Thanks so much!
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Michael Chu



Joined: 10 May 2005
Posts: 1606
Location: Austin, TX (USA)

PostPosted: Sat Oct 15, 2005 3:42 am    Post subject: Reply with quote

Another tradition is to serve the pumpkin pie slices with a large dollop of freshly whipped cream. Often, the whipped cream is spiked with a little (or a lot) of brandy.

Just whip one cup of heavy cream until frothy. Add 2 Tbs. sugar and 2 Tbs. brandy and whip until stiff peaks. Scoop out a plop ontop or next to each slice of pumpkin pie.
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PostPosted: Sat Oct 15, 2005 3:42 am    Post subject: Reply with quote

A few years ago I tried using fresh cooked butternut squash in place of the pumpkin for the filling. The squash seems to be naturally sweeter and less fibrous than even the canned pumpkin. Yum!
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Brian Arnold
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PostPosted: Sat Oct 15, 2005 3:42 am    Post subject: Reply with quote

I've been reading for awhile, but I'm still a newbie when it comes to cooking - this might be my first real attempt. Awesome! Thanks for the recipe!
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jeremy
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PostPosted: Sat Oct 15, 2005 3:42 am    Post subject: Reply with quote

I had forgotten about that bit, Michael.

The family I was with didn't use fresh whipped cream, but had two brands of frozen whipped cream. They debated over which one they liked best, so they showed me both. Trouble was that they had forgotten to take either one out of the freezer.

The result: my pumpkin pie was served with two slices of frozen whipped cream, with the onlookers anxiously waiting to see not only whether or not I would like the pie, but whose brand of frozen whipped cream I preferred!
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phipps
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PostPosted: Sat Oct 15, 2005 3:43 am    Post subject: Reply with quote

I was wondering if you could switch out the heavy cream with condensed milk and still get the same results?
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Michael Chu



Joined: 10 May 2005
Posts: 1606
Location: Austin, TX (USA)

PostPosted: Sat Oct 15, 2005 3:43 am    Post subject: Reply with quote

re: condensed milk

Using sweetened condensed milk would probably work. But the consistency will most likely be different. Condensed milk contains a huge amount of sugar, so you'll need to adjust the sugar in the rest of the recipe. Besides the sugar, condensed milk is just evaporated milk, quite a bit different from cream.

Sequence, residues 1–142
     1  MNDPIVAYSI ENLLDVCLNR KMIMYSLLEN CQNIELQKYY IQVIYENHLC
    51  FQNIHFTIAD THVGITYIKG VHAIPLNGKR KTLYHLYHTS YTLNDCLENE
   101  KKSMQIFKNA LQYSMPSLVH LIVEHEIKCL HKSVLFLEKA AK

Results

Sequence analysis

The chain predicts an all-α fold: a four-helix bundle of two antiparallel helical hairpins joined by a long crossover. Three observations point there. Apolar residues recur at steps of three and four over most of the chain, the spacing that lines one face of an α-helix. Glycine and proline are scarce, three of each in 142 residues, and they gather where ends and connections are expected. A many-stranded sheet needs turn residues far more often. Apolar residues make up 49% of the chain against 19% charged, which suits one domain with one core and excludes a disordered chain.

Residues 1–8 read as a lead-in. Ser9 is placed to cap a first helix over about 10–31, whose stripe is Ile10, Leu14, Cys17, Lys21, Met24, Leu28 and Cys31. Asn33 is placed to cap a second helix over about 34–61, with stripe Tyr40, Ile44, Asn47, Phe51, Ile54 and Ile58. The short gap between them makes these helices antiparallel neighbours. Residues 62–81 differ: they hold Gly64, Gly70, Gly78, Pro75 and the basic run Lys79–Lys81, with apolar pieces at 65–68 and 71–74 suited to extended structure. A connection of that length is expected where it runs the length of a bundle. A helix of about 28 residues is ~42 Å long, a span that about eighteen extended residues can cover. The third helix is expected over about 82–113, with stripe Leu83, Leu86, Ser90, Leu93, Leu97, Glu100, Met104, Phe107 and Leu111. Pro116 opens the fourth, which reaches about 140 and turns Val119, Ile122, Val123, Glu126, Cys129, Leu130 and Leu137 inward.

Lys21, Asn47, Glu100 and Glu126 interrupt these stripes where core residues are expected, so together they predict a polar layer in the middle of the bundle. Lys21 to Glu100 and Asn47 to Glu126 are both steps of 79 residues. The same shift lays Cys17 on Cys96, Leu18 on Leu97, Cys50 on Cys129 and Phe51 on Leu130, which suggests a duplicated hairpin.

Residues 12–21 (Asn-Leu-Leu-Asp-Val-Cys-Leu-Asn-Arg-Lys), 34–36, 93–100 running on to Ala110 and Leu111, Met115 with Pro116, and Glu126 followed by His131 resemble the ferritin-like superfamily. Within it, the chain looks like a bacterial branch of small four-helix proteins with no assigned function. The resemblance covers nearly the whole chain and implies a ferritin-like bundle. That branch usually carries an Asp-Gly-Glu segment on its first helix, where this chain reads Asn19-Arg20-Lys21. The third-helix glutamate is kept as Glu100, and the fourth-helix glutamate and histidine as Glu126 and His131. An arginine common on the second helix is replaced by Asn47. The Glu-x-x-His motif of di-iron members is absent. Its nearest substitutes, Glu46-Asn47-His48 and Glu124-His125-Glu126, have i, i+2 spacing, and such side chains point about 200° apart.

Last edited by Michael Chu on Sat Oct 15, 2005 3:47 am; edited 1 time in total
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Laura
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PostPosted: Sat Oct 15, 2005 3:43 am    Post subject: Reply with quote

What a great site! My husband and I love this approach to following recipes - it's so much easier! This looks like a great recipe, and I'm going to try it today. However, doesn't pre-baking the crust and then baking it with the pie cause it to burn? The instructions on the package say not to pre-bake it for these types of pies.
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Laura
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PostPosted: Sat Oct 15, 2005 3:44 am    Post subject: Reply with quote

Sorry, Michael. Upon re-reading the directions for about the twentieth time, I realized I just need to thaw the thing out! Wish me luck with the pie today - looks like I'll need it!
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Michael Chu



Joined: 10 May 2005
Posts: 1606
Location: Austin, TX (USA)

PostPosted: Sat Oct 15, 2005 3:44 am    Post subject: Reply with quote

re: prebaking the crust

If you don't prebake it, then the pie crust might be soggy after baking a pumpkin pie in it. It's probably more up to personal choice, but I prefer my crusts to have a little crispness to them. The extra ten minutes during blind baking shouldn't burn the crust.

Good luck!
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PostPosted: Sat Oct 15, 2005 3:45 am    Post subject: Reply with quote

chemical engineer from new orleans...

i was exposed to butternut squash pie while living in new jersey, and i loved it!!!!

i used your recipe but instead of using pumpkin, i used fresh butternut squash.

say, "goodbye" to pumpkin pie... to me, there's no comparison; the squash is a nice alternative..
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PostPosted: Sat Oct 15, 2005 3:45 am    Post subject: Reply with quote

I need to know how long to bake the frest pumpkin.? I usually use canned pumpkin but my uncle gave me a pumpkin from his dad's field so I thought I would try it. Wish me luck.
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PostPosted: Sat Oct 15, 2005 3:45 am    Post subject: Reply with quote

The approximate (one to two significant figures) diameter of the crust is not specified. We are thus making the assumption that the crust interior radius is 4.5 inches (11.43 cm).